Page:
Mar 04, 2020 11:26 PM | Joseph Young

Bithumb and UPbit, two of South Korea’s largest crypto exchanges by volume, have recently started to delist, suspend, or flag many cryptocurrencies with investment warnings. Why?

On February 28, UPbit abruptly announced that it is delisting 17 cryptocurrencies. The primary reasoning behind the delisting of most crypto assets on UPbit was the lack of communication between the developers of the cryptocurrencies and the exchange.

As a general note on flagging cryptocurrencies with warnings, the UPbit team said:

“Due to difficulties in communicating with the project's tech team, there might be problems related to tech support. Liquidity is small, making the coin/token vulnerable to price manipulation. Therefore, to protect the investors, an investment warning has been issued.”


Bithumb also issued a statement after it designated several cryptocurrencies as “investment warning cryptocurrencies” due to similar issues.

The company noted:

“Bithumb has been designated and announced Populous (on January 16, 2020) and CyberMiles (on January 23, 2020) as Investment Warning Cryptocurrency in accordance with the [Bithumb Investment Warning Cryptocurrency Designation Policy]. Bithumb continued to monitor the eligibility for listing, but the reason for designating the investment warning has not been resolved.”


Since the start of 2020, both UPbit and Bithumb have prioritized quality control of cryptocurrencies listed on the exchange.

The two companies adopted a strict policy that places cryptocurrencies under consideration for delisting if the concerns of the exchange are not addressed by the developers of the cryptocurrencies under review.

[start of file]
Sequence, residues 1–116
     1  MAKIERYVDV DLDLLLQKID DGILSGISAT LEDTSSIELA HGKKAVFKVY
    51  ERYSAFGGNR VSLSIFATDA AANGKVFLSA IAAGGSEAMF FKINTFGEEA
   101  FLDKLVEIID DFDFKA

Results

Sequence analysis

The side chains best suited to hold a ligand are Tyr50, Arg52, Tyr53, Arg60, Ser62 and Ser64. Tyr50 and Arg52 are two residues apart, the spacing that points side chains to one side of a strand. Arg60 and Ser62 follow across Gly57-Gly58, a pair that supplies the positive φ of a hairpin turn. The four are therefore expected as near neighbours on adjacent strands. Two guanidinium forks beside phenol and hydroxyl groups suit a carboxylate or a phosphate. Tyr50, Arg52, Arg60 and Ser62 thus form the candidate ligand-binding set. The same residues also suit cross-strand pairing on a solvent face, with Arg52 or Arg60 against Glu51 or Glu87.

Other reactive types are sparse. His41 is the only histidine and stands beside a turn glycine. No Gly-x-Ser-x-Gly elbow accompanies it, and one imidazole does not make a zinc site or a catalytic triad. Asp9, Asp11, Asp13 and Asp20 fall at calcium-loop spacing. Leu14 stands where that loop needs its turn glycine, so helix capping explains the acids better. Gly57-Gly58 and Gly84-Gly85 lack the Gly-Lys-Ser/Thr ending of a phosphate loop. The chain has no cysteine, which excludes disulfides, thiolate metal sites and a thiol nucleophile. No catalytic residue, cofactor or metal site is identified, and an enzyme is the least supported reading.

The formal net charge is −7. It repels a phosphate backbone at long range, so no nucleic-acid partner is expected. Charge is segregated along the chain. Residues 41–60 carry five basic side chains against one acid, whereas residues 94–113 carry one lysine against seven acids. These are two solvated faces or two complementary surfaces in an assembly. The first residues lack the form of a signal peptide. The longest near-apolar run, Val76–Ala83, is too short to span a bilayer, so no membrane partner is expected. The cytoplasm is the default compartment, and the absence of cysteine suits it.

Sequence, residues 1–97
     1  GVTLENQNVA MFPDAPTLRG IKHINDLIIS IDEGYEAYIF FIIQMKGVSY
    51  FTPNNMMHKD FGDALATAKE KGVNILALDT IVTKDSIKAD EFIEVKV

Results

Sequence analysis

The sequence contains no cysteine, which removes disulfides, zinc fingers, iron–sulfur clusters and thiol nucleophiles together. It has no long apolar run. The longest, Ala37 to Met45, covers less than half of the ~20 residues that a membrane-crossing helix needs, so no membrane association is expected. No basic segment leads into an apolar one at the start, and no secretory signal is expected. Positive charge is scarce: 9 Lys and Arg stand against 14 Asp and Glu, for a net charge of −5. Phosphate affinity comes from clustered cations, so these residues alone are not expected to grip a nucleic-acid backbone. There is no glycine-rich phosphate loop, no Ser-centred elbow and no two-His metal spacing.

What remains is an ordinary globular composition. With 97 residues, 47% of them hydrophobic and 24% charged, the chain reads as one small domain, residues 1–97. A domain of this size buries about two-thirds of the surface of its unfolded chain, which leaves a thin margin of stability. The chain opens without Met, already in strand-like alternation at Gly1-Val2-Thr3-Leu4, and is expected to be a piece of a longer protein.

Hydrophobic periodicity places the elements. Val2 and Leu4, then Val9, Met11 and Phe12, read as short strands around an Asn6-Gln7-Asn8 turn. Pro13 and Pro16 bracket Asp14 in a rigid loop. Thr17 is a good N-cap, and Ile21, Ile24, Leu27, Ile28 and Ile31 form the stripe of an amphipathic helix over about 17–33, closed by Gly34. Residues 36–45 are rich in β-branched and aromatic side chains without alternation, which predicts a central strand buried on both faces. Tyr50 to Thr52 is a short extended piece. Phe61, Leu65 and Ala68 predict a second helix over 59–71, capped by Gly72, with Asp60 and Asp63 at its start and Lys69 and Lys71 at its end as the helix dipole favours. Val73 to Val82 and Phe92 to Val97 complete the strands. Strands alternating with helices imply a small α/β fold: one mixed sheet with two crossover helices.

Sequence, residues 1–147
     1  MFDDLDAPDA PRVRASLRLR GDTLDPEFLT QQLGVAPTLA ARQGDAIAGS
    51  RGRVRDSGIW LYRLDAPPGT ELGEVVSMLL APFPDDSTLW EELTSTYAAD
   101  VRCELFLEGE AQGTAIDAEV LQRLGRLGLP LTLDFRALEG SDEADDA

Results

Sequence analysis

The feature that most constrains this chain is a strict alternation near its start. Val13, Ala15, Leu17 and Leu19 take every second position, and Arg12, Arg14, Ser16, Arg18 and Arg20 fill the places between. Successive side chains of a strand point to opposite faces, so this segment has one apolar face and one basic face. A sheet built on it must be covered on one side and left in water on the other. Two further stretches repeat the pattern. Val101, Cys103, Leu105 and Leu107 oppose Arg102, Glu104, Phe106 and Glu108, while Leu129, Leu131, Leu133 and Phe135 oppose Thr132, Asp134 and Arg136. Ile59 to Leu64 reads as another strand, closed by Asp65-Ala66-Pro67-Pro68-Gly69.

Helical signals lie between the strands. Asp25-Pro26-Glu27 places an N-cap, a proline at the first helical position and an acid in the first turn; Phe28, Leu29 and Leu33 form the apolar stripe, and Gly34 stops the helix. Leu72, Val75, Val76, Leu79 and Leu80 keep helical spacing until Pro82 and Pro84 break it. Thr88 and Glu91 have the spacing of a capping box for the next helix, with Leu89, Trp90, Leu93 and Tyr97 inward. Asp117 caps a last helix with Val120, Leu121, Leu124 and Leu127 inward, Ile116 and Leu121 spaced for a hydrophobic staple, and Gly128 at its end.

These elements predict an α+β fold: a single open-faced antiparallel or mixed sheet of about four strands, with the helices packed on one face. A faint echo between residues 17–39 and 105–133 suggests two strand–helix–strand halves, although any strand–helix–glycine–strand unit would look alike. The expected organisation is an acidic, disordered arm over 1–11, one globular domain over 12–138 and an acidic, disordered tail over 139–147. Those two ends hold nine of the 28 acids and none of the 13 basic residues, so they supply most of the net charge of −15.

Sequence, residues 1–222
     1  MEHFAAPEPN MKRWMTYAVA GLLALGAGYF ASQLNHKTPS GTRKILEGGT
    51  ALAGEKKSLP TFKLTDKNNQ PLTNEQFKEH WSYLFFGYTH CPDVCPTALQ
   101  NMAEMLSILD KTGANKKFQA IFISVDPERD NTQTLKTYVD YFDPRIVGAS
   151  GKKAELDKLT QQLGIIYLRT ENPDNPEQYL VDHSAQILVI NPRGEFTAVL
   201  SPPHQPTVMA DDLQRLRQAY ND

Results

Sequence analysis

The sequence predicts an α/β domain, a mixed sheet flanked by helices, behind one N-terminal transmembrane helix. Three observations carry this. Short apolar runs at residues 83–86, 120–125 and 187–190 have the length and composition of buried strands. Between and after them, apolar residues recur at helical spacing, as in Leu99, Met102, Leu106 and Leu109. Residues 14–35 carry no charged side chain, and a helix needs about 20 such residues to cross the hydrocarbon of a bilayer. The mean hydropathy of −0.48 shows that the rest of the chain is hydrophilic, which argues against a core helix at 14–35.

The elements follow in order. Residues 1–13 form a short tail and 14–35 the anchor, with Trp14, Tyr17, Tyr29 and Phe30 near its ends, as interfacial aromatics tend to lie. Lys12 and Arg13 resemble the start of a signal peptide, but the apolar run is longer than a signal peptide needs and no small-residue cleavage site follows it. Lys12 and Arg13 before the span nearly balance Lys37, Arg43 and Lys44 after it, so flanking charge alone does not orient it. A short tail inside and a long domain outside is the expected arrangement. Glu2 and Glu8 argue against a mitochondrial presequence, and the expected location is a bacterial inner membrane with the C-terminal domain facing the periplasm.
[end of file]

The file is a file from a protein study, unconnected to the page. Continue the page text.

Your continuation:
For instance, UPbit has adopted a process of issuing an investment warning, reviewing a cryptocurrency for a week, and evaluating whether appropriate changes have been made. If UPbit decides that the issues have not been addressed, it terminates trading support for the cryptocurrency.

“After issuing an investment warning, Upbit thoroughly reviews the crypto-currency for a week to decide whether or not to delist the crypto-currency. If the reasons for getting the investment warning are not fully resolved during the period above, Upbit will make a separate announcement to notify the termination of support on trading,” the company said.

Many factors are considered when placing a cryptocurrency under review for a potential delisting process. So far, UPbit and Bithumb have mentioned the following reasons for delisting:

  1. Lack of intent of cryptocurrency developers to communicate with the exchange to resolve issues

  2. Lack of understanding of the South Korean cryptocurrency market

  3. Lack of developer activity 

  4. Lack of volume and overall demand from local investors

  5. Exposure to market or price manipulation

So what does this mean for the Korean crypto market? It could be a positive step. Comprehensive quality control by top exchanges could set a precedent across the sector that cryptocurrencies with subpar standards or that do not provide sufficient support to exchanges are not safeguarded from being delisted.

The higher standards adopted by UPbit and Bithumb create a more practical environment for both investors and exchanges, as they filter out cryptocurrencies with relatively low demand, volume, and developer activity.

Is this part of a wider trend?

The timing of the quality control of cryptocurrencies on UPbit and Bithumb coincides with the call by the G20 to adopt the Financial Action Task Force (FATF)’s new cryptocurrency guideline.

FATF, a financial watchdog under the G7, asked member countries of the G7 and G20 to strengthen anti-money laundering (AML) and terrorist financing prevention policies for crypto exchanges. It is possible that in response to the encouragement of the FATF to implement stricter regulatory frameworks, exchanges started to act proactively in creating a safer trading environment for investors.

In 2020, Hong Kong, Switzerland, and Japan have adopted the guideline created by the FATF, imposing stricter policies regarding cryptocurrency exchanges and transactions. But while Japan has been very strict about new listings, it hasn’t followed South Korea’s lead in actively removing tokens.

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